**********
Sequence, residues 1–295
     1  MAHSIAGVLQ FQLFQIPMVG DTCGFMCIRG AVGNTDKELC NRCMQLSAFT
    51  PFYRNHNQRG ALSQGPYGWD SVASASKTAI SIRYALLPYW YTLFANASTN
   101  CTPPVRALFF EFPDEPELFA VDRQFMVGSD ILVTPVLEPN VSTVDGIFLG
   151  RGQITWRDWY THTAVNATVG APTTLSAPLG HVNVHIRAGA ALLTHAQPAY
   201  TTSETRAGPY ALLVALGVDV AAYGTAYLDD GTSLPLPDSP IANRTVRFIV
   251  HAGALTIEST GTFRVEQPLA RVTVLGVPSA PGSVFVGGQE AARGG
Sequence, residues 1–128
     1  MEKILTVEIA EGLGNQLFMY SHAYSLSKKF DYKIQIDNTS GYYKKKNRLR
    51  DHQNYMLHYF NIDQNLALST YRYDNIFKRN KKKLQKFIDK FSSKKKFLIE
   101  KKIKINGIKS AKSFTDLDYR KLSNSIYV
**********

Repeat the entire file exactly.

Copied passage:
Sequence, residues 1–295
     1  MAHSIAGVLQ FQLFQIPMVG DTCGFMCIRG AVGNTDKELC NRCMQLSAFT
    51  PFYRNHNQRG ALSQGPYGWD SVASASKTAI SIRYALLPYW YTLFANASTN
   101  CTPPVRALFF EFPDEPELFA VDRQFMVGSD ILVTPVLEPN VSTVDGIFLG
   151  RGQITWRDWY THTAVNATVG APTTLSAPLG HVNVHIRAGA ALLTHAQPAY
   201  TTSETRAGPY ALLVALGVDV AAYGTAYLDD GTSLPLPDSP IANRTVRFIV
   251  HAGALTIEST GTFRVEQPLA RVTVLGVPSA PGSVFVGGQE AARGG
Sequence, residues 1–128
     1  MEKILTVEIA EGLGNQLFMY SHAYSLSKKF DYKIQIDNTS GYYKKKNRLR
    51  DHQNYMLHYF NIDQNLALST YRYDNIFKRN KKKLQKFIDK FSSKKKFLIE
   101  KKIKINGIKS AKSFTDLDYR KLSNSIYV